So How Often Should I Hone, and How Often Should I Sharpen?

You can hone a knife as often as you want. I do it any time I start to sense that the cutting power of a knife is fading, which can be as frequently as multiple times a day, given how much I cook. Once you begin to notice that the honing isn't doing much, though, it's time to break out the whetstone (or send the knife to a sharpener, if you don't want to do it yourself) to give the knife a new edge. For a professional cook, sharpening on a whetstone can be a daily or weekly ritual. For home cooks, even once every six months would do wonders for most of the kitchen knives out there.

No matter which type of steel you choose, keep it clean and free of any metal residue by wiping it with a damp towel from time to time.

Buying a Honing Steel

Unlike most of the other equipment we review here at Serious Eats, a honing steel is a difficult tool to assess objectively. Because a blade changes every time it's used, and because honing and sharpening also change the blade, it's incredibly hard to compare one steel with another and come away with a clear sense of which one worked best.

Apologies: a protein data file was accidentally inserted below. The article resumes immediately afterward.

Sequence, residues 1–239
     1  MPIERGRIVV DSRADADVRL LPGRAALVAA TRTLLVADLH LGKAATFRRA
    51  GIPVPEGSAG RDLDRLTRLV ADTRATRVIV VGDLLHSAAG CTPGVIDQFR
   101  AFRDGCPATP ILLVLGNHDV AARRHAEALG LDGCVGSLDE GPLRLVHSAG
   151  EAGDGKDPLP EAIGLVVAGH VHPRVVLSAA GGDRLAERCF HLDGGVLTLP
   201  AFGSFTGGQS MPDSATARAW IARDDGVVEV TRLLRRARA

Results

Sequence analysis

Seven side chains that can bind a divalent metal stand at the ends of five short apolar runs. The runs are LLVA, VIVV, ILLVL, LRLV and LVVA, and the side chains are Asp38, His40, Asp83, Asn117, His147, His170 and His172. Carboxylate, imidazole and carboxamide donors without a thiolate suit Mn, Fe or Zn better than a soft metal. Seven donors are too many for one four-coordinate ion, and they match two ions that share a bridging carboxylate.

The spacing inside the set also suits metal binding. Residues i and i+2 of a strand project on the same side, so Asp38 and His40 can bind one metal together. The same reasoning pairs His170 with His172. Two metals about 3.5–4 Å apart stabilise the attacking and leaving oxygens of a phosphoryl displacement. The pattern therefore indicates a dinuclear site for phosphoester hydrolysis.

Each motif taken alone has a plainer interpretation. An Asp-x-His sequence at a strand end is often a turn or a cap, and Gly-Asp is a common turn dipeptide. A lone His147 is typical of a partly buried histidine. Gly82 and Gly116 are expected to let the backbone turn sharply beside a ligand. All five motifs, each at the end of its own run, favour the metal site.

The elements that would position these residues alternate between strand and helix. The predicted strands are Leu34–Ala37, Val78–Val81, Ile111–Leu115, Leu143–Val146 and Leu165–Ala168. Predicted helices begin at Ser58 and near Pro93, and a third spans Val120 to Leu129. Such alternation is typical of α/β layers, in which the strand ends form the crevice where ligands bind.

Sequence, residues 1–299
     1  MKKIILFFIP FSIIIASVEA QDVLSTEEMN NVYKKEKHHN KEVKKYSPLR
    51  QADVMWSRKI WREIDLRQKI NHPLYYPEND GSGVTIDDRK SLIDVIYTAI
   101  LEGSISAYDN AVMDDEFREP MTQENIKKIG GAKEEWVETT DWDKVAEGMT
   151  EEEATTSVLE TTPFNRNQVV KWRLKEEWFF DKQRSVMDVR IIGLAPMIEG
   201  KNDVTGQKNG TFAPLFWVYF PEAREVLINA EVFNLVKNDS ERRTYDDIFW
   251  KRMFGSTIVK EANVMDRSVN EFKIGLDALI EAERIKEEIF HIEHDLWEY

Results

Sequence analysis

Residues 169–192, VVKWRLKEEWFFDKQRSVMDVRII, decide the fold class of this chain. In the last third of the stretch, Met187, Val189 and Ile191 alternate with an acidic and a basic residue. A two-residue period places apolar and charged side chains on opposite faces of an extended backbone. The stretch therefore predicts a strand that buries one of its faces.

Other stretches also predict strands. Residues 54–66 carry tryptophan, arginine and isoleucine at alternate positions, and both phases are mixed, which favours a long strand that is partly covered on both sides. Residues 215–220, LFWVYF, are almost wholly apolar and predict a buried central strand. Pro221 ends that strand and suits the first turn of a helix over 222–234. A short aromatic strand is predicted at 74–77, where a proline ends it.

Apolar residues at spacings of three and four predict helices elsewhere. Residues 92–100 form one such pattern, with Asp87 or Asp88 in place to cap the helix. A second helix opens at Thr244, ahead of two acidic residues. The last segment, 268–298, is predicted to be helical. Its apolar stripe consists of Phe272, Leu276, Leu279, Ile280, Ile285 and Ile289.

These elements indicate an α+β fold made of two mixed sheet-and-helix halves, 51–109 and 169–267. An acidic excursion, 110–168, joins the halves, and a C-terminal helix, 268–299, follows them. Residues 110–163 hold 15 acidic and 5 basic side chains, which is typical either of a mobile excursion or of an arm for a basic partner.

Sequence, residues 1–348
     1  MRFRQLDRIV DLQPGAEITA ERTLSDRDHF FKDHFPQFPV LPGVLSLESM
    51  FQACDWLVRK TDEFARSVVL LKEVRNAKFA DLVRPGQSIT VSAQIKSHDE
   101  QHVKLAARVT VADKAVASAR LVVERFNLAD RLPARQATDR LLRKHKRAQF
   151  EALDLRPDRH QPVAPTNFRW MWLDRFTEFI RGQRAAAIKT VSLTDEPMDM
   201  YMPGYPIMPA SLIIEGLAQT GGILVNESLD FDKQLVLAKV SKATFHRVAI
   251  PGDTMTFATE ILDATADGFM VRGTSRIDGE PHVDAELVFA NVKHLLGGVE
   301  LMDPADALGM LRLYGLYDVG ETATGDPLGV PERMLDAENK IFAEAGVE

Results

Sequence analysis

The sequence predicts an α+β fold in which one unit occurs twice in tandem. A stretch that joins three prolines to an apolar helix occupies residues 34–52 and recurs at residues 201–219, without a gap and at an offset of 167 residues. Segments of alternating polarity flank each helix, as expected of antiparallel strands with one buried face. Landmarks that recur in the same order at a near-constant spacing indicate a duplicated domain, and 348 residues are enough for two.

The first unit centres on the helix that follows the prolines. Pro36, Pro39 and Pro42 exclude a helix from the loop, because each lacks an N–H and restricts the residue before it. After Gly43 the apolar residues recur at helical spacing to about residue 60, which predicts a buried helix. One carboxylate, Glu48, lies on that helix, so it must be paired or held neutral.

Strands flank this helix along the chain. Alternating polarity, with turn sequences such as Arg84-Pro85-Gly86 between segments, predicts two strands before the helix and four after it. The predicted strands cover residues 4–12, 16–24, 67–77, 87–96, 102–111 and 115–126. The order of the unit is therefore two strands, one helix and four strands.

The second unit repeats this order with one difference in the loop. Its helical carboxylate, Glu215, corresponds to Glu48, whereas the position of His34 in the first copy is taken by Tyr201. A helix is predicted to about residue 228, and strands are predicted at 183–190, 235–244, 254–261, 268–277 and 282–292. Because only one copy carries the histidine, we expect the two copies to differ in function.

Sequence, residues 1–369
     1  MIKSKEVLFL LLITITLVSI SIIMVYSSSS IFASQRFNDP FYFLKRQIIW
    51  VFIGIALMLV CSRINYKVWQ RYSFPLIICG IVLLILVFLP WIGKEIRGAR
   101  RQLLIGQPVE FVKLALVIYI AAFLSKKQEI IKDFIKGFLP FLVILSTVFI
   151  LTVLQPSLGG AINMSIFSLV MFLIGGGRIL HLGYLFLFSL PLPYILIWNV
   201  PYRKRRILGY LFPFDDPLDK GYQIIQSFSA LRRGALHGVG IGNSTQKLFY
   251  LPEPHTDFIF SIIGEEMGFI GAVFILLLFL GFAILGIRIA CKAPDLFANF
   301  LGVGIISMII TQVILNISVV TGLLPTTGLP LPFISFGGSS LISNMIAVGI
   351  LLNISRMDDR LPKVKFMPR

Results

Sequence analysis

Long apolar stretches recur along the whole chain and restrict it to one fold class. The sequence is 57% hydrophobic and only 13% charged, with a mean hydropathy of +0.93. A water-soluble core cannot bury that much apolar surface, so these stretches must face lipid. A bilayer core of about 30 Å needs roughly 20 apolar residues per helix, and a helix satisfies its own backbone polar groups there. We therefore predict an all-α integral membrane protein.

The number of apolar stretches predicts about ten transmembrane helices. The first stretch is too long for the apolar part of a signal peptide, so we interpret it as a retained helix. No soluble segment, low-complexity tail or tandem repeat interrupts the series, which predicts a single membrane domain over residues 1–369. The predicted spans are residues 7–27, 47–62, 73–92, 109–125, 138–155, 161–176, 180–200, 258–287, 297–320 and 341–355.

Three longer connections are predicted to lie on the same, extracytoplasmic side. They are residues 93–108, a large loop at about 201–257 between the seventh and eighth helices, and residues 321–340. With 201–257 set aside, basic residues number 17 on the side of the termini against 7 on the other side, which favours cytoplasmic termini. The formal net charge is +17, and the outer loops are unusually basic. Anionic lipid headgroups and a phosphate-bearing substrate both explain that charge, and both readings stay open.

Still, I've been playing with a few examples of each of the three main types—stainless steel, ceramic, and diamond—by using them on a variety of my knives at home, which vary in dullness and metal type (mostly stainless steel, along with a couple of carbon steel blades), then cutting vegetables to see how the honing had affected the knives' cutting ability.